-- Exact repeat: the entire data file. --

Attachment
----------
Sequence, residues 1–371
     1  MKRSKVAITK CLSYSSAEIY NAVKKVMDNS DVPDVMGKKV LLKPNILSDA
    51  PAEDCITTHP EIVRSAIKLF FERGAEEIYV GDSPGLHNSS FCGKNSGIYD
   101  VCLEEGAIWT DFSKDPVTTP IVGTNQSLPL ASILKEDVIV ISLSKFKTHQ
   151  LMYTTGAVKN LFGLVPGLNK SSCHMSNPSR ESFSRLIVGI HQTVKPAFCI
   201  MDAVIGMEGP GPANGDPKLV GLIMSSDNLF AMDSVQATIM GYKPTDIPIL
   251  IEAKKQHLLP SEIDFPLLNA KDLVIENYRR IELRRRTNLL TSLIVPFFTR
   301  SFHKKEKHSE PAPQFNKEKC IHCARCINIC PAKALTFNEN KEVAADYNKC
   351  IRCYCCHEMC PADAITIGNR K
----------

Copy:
Sequence, residues 1–371
     1  MKRSKVAITK CLSYSSAEIY NAVKKVMDNS DVPDVMGKKV LLKPNILSDA
    51  PAEDCITTHP EIVRSAIKLF FERGAEEIYV GDSPGLHNSS FCGKNSGIYD
   101  VCLEEGAIWT DFSKDPVTTP IVGTNQSLPL ASILKEDVIV ISLSKFKTHQ
   151  LMYTTGAVKN LFGLVPGLNK SSCHMSNPSR ESFSRLIVGI HQTVKPAFCI
   201  MDAVIGMEGP GPANGDPKLV GLIMSSDNLF AMDSVQATIM GYKPTDIPIL
   251  IEAKKQHLLP SEIDFPLLNA KDLVIENYRR IELRRRTNLL TSLIVPFFTR
   301  SFHKKEKHSE PAPQFNKEKC IHCARCINIC PAKALTFNEN KEVAADYNKC
   351  IRCYCCHEMC PADAITIGNR K